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Consumer Trends

Signs of economic recovery seen in the restaurant industry

The financial health of the nation’s restaurant industry is improving, according to statistics from the StarChefs.com Salary Survey. Executive chefs made 6.1 percent more in 2009 compared to 2008. And pastry chefs enjoyed a pay increase of 5.7 percent in the same time period. Here are some other findings from the 2009 survey:

  • Not all foodservice operations provided equal pay. Sous chefs and chefs de cuisine made nearly $10,000 more working at hotels or catering companies than they did at stand-alone restaurants
  • Salaries also differed across cities. For example, in 2009, an executive chef in New York made $4,000 more than an executive chef in Florida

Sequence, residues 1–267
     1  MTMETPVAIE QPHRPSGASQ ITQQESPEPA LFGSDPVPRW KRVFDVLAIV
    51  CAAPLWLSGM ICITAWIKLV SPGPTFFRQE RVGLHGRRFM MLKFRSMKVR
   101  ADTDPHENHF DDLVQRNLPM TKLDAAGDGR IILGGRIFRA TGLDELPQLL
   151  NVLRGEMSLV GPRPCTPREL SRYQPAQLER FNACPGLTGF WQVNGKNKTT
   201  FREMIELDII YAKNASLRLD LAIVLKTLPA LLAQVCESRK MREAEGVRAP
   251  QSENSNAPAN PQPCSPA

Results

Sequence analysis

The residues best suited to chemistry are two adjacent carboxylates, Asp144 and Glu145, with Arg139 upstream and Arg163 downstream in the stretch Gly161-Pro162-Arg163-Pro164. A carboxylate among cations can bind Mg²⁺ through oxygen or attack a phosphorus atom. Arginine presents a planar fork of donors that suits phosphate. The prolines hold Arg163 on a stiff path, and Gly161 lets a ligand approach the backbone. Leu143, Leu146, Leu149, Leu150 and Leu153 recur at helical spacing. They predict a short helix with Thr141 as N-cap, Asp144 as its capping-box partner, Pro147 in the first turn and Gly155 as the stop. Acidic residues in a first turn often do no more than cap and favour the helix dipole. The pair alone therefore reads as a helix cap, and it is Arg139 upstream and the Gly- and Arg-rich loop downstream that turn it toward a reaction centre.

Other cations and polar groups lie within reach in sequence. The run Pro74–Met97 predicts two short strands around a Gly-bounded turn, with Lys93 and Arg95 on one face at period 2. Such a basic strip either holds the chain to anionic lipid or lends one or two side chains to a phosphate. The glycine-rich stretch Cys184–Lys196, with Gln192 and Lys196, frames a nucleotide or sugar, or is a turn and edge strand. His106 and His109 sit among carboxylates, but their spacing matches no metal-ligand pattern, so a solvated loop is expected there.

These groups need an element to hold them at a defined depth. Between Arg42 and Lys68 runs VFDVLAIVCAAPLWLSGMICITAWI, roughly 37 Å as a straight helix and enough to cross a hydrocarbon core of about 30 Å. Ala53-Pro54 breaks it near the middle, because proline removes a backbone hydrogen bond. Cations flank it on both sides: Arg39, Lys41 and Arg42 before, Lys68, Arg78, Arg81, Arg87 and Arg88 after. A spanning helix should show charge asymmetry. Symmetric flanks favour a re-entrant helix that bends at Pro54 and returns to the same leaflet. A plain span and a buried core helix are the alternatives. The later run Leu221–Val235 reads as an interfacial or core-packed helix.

• Experience rather than education influenced the salaries of chefs. There was an almost negligible difference of $300 between the salaries of chefs who had and had not attended culinary school. But chefs who had worked abroad earned $13,000 more than their less well-travelled counterparts
  • Years of experience did not necessarily mean higher pay for chefs. Both executive chefs and chefs de cuisine saw their salaries top out after working for a quarter of a century
  • Inequity in the salaries of male and female chefs endures. Male executive chefs were found to earn $15,000 more than their female peers. The industry average pay difference was $17,000 or 24 percent
  • Disparities were also found between the salaries of Caucasian chefs and chefs of other ethnicities. African-American executive chefs, for example, earned $26,000 less than their white counterparts
  • Across the industry, chefs tended to work at least 10 hours a day. Chefs de cuisine spent the most time in the kitchen, clocking in at 12 hours daily. Only private chefs and chef instructors managed 8-hour workdays

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